INDIANAPOLIS (WISH) WISH-TV is celebrating Indiana’s Bicentennial with one of its most well known and revered artists, Theodore Clement Steele or TC as he is known.
Steele died in 1926, his home, his studio and dozens of his best known paintings are on display in Brown County. All of it a gift from his widow, who made sure, Steele’s work is never forgotten.
It sits on 211 acres just outside Nashville Indiana. The land, the gardens, the home, the studio that Indiana artist TC Steele and his wife Selma developed, nourished and cherished. Preserved as it was when it was willed to the state of Indiana by Steele’s widow Selma in 1945, it is a state historic site open to anyone who wants to get a glimpse of Steele’s Indiana.
In the will, Selma said that not a single acre of the property can be sold or developed. The Steele home, built in 1907, is known as the House of the Singing Winds. It got it’s name from the special windows that were installed in the front sleeping porch as a way to keep cool during hot Hoosier summer nights.
The wind would come whipping up the hill the house sits on. It would vibrate the metal screens, and it had a distinct humming sound like music. There are 350 TC Steele paintings at the home site, and Selma’s will forbids any of them from being sold either. And she stipulated the house must remain intact as it was when she gave it to the state.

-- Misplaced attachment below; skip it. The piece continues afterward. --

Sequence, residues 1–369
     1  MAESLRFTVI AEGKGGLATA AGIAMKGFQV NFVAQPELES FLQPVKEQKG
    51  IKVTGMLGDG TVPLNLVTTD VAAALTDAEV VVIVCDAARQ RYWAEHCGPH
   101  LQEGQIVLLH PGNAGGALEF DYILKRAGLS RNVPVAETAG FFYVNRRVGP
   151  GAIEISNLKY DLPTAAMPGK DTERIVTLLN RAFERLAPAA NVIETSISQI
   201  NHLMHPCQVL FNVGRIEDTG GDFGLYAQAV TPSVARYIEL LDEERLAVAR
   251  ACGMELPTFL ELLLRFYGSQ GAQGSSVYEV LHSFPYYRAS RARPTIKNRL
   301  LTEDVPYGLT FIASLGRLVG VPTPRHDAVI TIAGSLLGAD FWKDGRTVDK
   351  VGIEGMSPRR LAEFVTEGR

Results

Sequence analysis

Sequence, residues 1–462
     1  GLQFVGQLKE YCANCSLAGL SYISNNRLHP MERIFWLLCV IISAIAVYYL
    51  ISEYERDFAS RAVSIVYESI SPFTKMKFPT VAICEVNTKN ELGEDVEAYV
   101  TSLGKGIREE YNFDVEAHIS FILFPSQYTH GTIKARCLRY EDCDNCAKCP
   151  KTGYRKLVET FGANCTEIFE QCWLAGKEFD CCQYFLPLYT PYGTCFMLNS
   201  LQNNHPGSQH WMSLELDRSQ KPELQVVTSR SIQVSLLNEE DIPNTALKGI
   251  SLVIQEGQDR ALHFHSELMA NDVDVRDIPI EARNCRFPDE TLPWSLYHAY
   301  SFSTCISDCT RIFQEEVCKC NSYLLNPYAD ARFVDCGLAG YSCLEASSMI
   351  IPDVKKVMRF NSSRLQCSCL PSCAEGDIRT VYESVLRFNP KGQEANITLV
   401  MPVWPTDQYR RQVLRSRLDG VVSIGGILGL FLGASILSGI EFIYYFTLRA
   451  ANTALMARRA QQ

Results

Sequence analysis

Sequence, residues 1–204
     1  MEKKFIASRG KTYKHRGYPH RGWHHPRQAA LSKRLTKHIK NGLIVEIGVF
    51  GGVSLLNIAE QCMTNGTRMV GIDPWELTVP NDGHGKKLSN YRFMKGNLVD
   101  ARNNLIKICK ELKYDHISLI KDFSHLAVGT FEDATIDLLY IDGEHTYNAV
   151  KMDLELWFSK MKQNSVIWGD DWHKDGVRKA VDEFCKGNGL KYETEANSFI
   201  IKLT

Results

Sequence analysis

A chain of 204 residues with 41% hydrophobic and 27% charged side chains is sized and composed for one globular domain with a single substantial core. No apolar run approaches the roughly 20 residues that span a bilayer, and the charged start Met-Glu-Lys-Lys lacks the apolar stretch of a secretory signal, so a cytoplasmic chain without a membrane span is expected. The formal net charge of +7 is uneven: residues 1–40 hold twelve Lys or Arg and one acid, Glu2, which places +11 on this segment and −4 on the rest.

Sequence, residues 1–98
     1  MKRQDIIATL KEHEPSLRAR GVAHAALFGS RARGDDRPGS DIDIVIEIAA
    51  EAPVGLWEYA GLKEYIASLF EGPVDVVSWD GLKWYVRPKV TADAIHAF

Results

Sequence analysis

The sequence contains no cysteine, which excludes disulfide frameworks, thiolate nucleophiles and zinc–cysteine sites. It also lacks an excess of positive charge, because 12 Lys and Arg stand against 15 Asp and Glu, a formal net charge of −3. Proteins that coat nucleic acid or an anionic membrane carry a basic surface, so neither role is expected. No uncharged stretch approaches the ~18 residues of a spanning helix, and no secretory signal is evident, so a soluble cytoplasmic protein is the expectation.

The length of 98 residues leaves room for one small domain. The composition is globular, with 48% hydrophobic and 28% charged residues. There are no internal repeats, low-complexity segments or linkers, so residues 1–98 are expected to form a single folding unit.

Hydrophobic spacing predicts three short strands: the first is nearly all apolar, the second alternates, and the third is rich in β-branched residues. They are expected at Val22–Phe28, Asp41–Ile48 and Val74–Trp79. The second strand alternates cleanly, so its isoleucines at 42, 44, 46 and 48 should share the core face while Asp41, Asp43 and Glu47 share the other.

“He and the artists of his generation were really the first artist that Indiana had coming out of that frontier era. They were the ones that sort of laid the foundations for Indiana art,” said Andrea deTarnowsky the property manager of the Steele historic site.
One of Steele’s passions was landscapes.
“In his early years, Steele was associated with four other artists known together as the Hoosier group. They were a distinct regional school of landscape majors,” says deTarnowsky.
While landscapes are what Steele is known for now, in his day, he was just as well known for painting portraits.
“Portraits were how he made his living. Portraits were bread and butter. And in fact, today he’s so closely linked with landscape painting, a lot of people overlook his portraiture,” says deTarnowsky.
If you head to the T.C. Steele Historic Site near Nashville you can see both portraits and landscapes. It’s a glimpse into the world of early Indiana. A world Steele loved to paint on the Brown County property he first found in 1906 while hiking with a friend. You can see it in the painting that is the most reproduced of all his works. It’s called Selma in the garden.
Says a tour guide at the house, “People are drawn to it because of the garden scene and because Selma is visible working in the garden. It’s also in front of the historic house of the singing winds,” said a tour guide at the Steele home.
Steele’s home can still be toured today. The T.C. Steele Historic Site is open Tuesday through Saturday from 9 a.m. -5 p.m., and Sunday from 1 – 5 p.m. It is closed Mondays and some holidays.